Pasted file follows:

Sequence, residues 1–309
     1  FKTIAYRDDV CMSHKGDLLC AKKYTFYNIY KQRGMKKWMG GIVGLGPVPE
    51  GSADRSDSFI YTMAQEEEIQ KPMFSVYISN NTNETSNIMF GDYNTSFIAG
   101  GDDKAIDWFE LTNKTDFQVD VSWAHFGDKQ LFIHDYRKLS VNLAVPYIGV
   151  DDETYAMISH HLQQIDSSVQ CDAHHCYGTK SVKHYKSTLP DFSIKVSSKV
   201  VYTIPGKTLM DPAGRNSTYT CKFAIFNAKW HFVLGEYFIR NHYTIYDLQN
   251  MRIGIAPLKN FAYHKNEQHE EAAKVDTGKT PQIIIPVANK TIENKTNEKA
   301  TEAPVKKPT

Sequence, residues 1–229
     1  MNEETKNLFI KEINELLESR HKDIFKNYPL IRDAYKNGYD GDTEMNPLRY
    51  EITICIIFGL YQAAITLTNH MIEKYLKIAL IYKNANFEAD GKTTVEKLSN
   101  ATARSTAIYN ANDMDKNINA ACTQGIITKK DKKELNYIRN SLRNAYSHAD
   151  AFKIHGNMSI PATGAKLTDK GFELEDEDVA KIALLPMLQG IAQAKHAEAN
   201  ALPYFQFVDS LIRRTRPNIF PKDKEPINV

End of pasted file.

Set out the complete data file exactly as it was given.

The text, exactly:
Sequence, residues 1–309
     1  FKTIAYRDDV CMSHKGDLLC AKKYTFYNIY KQRGMKKWMG GIVGLGPVPE
    51  GSADRSDSFI YTMAQEEEIQ KPMFSVYISN NTNETSNIMF GDYNTSFIAG
   101  GDDKAIDWFE LTNKTDFQVD VSWAHFGDKQ LFIHDYRKLS VNLAVPYIGV
   151  DDETYAMISH HLQQIDSSVQ CDAHHCYGTK SVKHYKSTLP DFSIKVSSKV
   201  VYTIPGKTLM DPAGRNSTYT CKFAIFNAKW HFVLGEYFIR NHYTIYDLQN
   251  MRIGIAPLKN FAYHKNEQHE EAAKVDTGKT PQIIIPVANK TIENKTNEKA
   301  TEAPVKKPT

Sequence, residues 1–229
     1  MNEETKNLFI KEINELLESR HKDIFKNYPL IRDAYKNGYD GDTEMNPLRY
    51  EITICIIFGL YQAAITLTNH MIEKYLKIAL IYKNANFEAD GKTTVEKLSN
   101  ATARSTAIYN ANDMDKNINA ACTQGIITKK DKKELNYIRN SLRNAYSHAD
   151  AFKIHGNMSI PATGAKLTDK GFELEDEDVA KIALLPMLQG IAQAKHAEAN
   201  ALPYFQFVDS LIRRTRPNIF PKDKEPINV